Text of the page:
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The Spring 2011 issue of The Earth Scientist is focused on modernizing seismology education. Thanks to IRIS, you can download this issue for free as a pdf. Print copies are available in our online store.

Mapping Ancient Coastlines

 Summary: Students draw the location of ancient coastlines onto a bathymetric contour map. Materials: Bathymetry worksheet for each student Colored pencils Source: Adapted by Windows to the Universe team member Lisa Gardiner from a University of Georgia introductory geology activity. Grade level: 7 - 12 Time: 15-20 minutes class time Student Learning Outcomes: Students interpret a graph to understand how sea level has changed. Students map ancient coastlines using their understanding of contour lines and their interpretation of the sea level graph. Lesson format: Worksheet Standards Addressed:

DIRECTIONS:

1. Describe to students what contour lines are. Our "Mapping Potato Island" activity is an excellent way to introduce this concept. While a topographic map has contour lines that describe the shape of the land surface, a bathymetric map has contour lines that describe the shape of the ocean floor. Bathymetric maps, like topographic ones, use sea level as a reference point.
2. Familiarize students with the graph at the top of their worksheets. This graph describes sea level change over time. Global sea level changes in recent geologic history have been due to repeated formation and melting of glaciers which move water onto land, away from oceans.
3. Students use the graph to find the sea level at various times in the past (Answers: -124 meters; -75 meters; approx -40 meters; approx -135 meters) then draw ancient coastlines onto their bathymetric map following contour lines.
4. The final question involves the likely age of archeological sites that were once along a coast. If it must be less than 20,000 years ago (because there were no people living in that area before that time), then the answer must be about 10,000 years ago.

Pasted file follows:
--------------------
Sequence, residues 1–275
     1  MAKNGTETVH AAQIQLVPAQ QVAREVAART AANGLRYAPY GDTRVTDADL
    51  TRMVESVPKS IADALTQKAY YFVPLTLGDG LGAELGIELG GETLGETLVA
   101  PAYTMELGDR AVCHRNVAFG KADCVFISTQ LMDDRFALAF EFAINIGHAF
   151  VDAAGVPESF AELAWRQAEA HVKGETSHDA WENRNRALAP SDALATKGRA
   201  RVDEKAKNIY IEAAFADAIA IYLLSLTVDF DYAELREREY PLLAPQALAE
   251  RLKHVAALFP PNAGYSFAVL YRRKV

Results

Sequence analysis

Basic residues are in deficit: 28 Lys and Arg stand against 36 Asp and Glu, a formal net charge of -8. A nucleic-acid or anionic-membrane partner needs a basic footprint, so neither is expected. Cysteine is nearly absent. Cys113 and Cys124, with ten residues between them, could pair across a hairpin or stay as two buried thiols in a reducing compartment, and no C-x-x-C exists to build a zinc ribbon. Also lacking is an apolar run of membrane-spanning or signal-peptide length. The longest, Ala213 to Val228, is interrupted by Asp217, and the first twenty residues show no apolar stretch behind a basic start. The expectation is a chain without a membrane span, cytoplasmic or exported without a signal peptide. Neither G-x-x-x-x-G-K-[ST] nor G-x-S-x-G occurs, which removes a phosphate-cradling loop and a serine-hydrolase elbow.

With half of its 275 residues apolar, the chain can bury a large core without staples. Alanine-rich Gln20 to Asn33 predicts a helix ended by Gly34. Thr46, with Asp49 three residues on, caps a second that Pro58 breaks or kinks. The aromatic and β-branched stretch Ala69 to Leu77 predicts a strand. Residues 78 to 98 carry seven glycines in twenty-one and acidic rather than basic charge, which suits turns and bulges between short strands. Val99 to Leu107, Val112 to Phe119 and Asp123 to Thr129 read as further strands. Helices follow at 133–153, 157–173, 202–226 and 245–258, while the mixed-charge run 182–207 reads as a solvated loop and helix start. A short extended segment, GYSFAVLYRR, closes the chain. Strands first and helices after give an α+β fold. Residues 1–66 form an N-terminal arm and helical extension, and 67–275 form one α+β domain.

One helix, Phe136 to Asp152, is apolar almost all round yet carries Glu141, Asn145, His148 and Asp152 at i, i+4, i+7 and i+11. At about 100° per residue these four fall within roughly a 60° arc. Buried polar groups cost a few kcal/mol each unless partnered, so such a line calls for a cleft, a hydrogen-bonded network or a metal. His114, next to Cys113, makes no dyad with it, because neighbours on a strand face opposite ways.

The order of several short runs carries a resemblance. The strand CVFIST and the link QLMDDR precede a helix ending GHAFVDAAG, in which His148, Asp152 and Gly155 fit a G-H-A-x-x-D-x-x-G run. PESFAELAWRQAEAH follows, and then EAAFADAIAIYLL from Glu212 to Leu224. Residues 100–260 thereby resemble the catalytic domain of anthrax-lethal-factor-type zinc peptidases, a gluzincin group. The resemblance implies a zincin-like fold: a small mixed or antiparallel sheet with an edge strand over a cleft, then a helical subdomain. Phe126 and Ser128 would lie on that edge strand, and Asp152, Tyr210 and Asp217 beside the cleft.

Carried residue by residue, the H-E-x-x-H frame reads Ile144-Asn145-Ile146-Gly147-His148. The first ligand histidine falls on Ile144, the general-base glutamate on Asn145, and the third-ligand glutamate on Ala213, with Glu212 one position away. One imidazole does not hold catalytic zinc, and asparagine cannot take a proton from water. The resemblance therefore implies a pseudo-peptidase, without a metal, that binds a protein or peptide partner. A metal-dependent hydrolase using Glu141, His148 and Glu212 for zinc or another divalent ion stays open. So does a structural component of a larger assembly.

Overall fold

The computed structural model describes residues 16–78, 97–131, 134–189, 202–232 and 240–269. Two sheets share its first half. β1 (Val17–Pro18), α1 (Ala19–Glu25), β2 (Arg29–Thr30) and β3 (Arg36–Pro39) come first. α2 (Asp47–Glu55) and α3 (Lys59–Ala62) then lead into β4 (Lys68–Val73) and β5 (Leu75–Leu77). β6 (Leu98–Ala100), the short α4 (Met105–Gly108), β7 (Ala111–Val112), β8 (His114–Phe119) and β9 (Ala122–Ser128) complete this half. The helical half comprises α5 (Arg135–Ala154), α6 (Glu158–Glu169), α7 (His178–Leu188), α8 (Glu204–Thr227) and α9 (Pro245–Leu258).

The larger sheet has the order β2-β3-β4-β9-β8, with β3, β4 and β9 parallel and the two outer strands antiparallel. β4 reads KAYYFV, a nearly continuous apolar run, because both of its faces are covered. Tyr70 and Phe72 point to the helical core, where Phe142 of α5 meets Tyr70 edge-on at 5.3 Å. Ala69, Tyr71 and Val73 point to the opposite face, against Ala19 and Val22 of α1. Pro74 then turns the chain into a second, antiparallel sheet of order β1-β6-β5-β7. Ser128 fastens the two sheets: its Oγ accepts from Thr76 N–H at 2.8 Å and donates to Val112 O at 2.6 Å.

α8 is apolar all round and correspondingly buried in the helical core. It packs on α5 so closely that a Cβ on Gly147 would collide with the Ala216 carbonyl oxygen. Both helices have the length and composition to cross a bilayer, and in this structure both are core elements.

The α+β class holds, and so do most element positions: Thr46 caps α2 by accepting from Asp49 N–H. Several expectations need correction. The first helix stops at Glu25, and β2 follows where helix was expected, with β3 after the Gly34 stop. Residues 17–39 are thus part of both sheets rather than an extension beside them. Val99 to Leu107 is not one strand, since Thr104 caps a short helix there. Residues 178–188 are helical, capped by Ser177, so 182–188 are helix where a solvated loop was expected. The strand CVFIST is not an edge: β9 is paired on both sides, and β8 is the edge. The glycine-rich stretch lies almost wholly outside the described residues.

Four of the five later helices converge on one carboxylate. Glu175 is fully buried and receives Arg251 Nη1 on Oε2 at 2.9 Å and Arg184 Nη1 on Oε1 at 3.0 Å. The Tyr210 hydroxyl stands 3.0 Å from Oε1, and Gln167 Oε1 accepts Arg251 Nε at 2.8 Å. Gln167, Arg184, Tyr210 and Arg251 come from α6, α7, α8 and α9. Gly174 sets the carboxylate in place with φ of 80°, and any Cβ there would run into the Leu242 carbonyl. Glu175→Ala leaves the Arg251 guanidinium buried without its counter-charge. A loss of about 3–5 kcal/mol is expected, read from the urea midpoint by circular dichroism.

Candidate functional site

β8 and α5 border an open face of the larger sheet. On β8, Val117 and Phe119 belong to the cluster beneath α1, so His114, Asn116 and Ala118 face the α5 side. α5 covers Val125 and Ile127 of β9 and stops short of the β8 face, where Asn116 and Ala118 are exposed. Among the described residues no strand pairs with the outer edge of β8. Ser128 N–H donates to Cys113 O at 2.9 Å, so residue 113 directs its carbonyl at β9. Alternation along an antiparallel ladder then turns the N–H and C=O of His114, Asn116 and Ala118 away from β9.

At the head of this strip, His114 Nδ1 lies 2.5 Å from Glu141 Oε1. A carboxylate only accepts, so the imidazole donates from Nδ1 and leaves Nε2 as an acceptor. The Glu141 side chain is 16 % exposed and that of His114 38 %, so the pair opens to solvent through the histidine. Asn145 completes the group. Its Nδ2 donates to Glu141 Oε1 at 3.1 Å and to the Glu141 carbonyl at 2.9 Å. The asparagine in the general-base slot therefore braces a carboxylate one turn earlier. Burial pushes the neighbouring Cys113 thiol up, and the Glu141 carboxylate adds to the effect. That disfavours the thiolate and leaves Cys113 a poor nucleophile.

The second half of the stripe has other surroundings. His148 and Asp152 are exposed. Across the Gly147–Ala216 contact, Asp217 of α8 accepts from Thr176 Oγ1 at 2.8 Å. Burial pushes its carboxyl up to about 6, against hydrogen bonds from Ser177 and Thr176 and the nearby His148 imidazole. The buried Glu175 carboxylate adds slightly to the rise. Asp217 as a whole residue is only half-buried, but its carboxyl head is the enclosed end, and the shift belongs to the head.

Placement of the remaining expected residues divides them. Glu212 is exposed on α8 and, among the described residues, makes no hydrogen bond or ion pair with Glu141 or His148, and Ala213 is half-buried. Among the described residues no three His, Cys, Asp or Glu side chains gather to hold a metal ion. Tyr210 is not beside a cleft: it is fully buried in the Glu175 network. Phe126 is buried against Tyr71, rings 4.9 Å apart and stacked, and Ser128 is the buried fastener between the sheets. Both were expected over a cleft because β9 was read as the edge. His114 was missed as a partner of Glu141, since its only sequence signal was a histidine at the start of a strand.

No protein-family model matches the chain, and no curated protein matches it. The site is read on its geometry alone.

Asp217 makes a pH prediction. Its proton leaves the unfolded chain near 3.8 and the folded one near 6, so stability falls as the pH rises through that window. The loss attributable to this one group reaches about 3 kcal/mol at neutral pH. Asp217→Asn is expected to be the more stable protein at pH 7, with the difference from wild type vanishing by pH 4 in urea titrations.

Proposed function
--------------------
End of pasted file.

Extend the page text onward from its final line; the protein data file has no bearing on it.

BACKGROUND INFORMATION:

Contour lines are imaginary lines that connect places of equal elevation. If you were taking a hike along a hillside and not walking either uphill or downhill, you would be walking on a contour line. When contour lines are close together, the slope is very steep. When contour lines are far apart, the slope is very shallow. Maps that show the shape of the ocean floor with contour lines are called bathymetric maps.

Sea level change has happened at various times in Earth history. Global sea level can rise because glaciers melt, adding water to the oceans, or when plate tectonic movements shallow the ocean basins displacing water onto the edges of continents. It is a natural process that has gone on since there have been oceans on Earth! Over recent geologic history, sea levels have changed rapidly by geologic standards due to the repeated formation and melting of glaciers.

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Windows to the Universe, a project of the National Earth Science Teachers Association, is sponsored in part is sponsored in part through grants from federal agencies (NASA and NOAA), and partnerships with affiliated organizations, including the American Geophysical Union, the Howard Hughes Medical Institute, the Earth System Information Partnership, the American Meteorological Society, the National Center for Science Education, and TERC. The American Geophysical Union and the American Geosciences Institute are Windows to the Universe Founding Partners. NESTA welcomes new Institutional Affiliates in support of our ongoing programs, as well as collaborations on new projects. Contact NESTA for more information.